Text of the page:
TCR (Touring Car Racing) has exploded in popularity around the world. Not only does this category form the basis of the World Touring Car Cup but also successful domestic series including the just-concluded inaugural TCR Australia.
There are several factors for its growth but not least of which are the cars the racers are based on. Hot hatches are popular around the world – unlike domestic touring car formats like Supercars and DTM that rely on bigger models – and are a key battleground for some of the world’s biggest manufacturers.
Alfa Romeo, Audi, Honda, Hyundai, Peugeot, Renault, Subaru and Volkswagen are all involved on the track and each has a matching hot hatch for the road.
Here are five of our favourite, in no particular order.
Hyundai i30 N
The South Korean company has made an impact with its first hot hatch both on and off the racetrack. While the i30 N TCR has been notching up victories on circuits around the world, the road car has been winning awards and wooing customers.
It’s easy to see why, Hyundai didn’t try and reinvent the hot hatch formula, they just focused on getting every step right. Under the bonnet is a 202kW 2.0-litre turbocharged four-pot, driving the front-wheels through a six-speed manual transmission and an electronic-controlled mechanical limited slip differential.
But it’s more than just a checklist of parts, Hyundai has tuned a sense of fun and excitement into the way the i30 N drives. And it backs it up too, with an industry-unique track warranty that covers non-competitive circuit use.
Volkswagen Golf GTI TCR
Arguably the benchmark by which all other hot hatches are measured. It was unsurprising when the German giant took its Golf GTI into TCR racing because it was an ideal platform to beat its road rivals on the track.
The next-generation Golf GTI is due within the next 12 months, but the company is sending the current model out with a bang by offering the limited edition, TCR-branded model. It’s no sticker pack (even though it does come with a decal pack) as it boasts the most powerful GTI engine yet – 213kW of power and 400Nm of torque from its 2.0-litre turbo four.
But don’t worry if you miss out on one, you can be assured the new GTI will pack a similar punch when it arrives.
It’s not just the mainstream brands that are getting in on the popularity of TCR. Audi spotted an opportunity to race its RS3 alongside parent-brand Volkswagen and Spanish offshoot Seat/Cupra.
While there is an RS3 hot hatch, Audi Sport decided to go with the RS3 sedan for the racing car, and that’s no bad thing. It’s as handsome as small sedan as you’ll find, and for those looking for a more grown-up alternative to a hot hatch or Subaru WRX the RS3 fills the brief.
Power comes from a 2.0-litre four-cylinder turbocharged engine (are you noticing a theme?) that pushes out 294kW and 480Nm; the most of our quintet. But unlike its front-wheel drive rivals here, the RS3 is equipped with Audi’s trademark quattro all-wheel drive system for better traction.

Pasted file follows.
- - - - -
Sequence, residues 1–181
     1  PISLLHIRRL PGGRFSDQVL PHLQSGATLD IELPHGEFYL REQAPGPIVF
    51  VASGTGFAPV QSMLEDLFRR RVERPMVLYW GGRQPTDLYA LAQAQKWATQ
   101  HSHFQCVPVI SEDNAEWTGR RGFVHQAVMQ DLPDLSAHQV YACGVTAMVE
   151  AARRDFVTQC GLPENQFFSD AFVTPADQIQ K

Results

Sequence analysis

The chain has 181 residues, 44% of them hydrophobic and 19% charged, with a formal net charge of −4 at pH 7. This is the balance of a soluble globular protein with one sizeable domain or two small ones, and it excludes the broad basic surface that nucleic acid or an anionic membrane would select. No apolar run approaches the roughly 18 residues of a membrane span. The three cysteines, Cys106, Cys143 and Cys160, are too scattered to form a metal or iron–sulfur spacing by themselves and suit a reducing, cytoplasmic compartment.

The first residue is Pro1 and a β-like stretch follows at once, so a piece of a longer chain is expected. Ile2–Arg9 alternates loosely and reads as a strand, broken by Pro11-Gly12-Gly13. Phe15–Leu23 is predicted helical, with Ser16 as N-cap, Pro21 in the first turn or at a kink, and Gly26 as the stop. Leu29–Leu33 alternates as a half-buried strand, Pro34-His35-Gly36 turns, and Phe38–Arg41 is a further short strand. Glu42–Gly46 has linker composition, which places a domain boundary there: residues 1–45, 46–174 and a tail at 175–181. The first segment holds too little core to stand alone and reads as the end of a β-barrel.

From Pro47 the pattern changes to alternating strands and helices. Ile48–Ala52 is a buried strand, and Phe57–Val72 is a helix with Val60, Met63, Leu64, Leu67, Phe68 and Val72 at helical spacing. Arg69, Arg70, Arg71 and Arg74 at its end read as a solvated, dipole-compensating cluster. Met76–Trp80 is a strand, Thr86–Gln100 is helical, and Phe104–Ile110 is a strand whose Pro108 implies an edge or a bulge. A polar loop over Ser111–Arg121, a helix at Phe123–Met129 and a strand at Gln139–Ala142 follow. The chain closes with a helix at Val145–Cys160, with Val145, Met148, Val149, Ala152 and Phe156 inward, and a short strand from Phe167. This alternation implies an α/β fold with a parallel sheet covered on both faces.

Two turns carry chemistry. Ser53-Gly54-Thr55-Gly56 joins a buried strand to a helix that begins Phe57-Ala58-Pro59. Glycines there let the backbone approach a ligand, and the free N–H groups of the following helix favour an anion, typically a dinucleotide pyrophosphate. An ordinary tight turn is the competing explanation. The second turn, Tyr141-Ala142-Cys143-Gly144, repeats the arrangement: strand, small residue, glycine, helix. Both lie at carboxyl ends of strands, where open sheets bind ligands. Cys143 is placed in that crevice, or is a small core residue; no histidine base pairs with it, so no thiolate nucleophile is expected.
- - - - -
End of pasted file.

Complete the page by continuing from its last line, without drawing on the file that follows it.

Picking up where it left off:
So it may look smart and sophisticated, but it can be just as fast and aggressive as any of its hot hatch competitors.
Renault Megane RS
While its results on track have been up and down, Renault Sport has long been at the front of the hot hatch pack. The latest Megane RS was already a great piece of kit, powered by 1.8-litre four-cylinder turbo that pumps out 205kW and 390Nm and the choice of ‘Sport’ or ‘Cup’ chassis; depending on how hot you like your hatch.
But Renault is obsessed with holding the front-wheel drive lap record at Germany’s Nurburgring circuit, even if that means building a special edition model to justify it. Enter the Megane RS Trophy, a pumped-up, stripped out version of the car.
The engine is the same but boosted to 223kW but most of the performance comes from what’s not there. The regular front seats are replaced with Sabelt racing buckets, while the rear seats are dumped altogether and replaced with harness bar.
It also gets adjustable Ohlins dampers, new aerodynamics and carbon fibre wheels (built in Australia) wrapped in Bridgestone Potenza S007 tyres.
Not only has it claimed the Nurburgring record but James Moffat recently set the fastest front-wheel drive production car lap at The Bend Motorsport Park.
Honda Civic Type R
The Porsche 911 GT3 RS is an iconic sports car – powerful, poised and raw – it’s like a Carrera Cup car for the road. So when I say the Civic Type R is the GT3 RS of hot hatches you should get an understanding of how serious this Japanese hot hatch is.
It’s little surprise its a front-runner in most TCR series because the road car feels at home on a track. It’s arguably the most focused and pure hot hatches money can buy, with an ultra-responsive chassis that reacts like an extension of your body.
That excellent handling is backed up by a brilliant turbocharged engine making 228kW and 400Nm, directed to the road via the front-wheels and a six-speed manual gearbox with one of the sweetest actions you’ll find on a modern car.
Shame it looks a bit like the designer’s 15-year-old son did the bodykit… although the huge rear wing wouldn’t look out of place on the TCR car.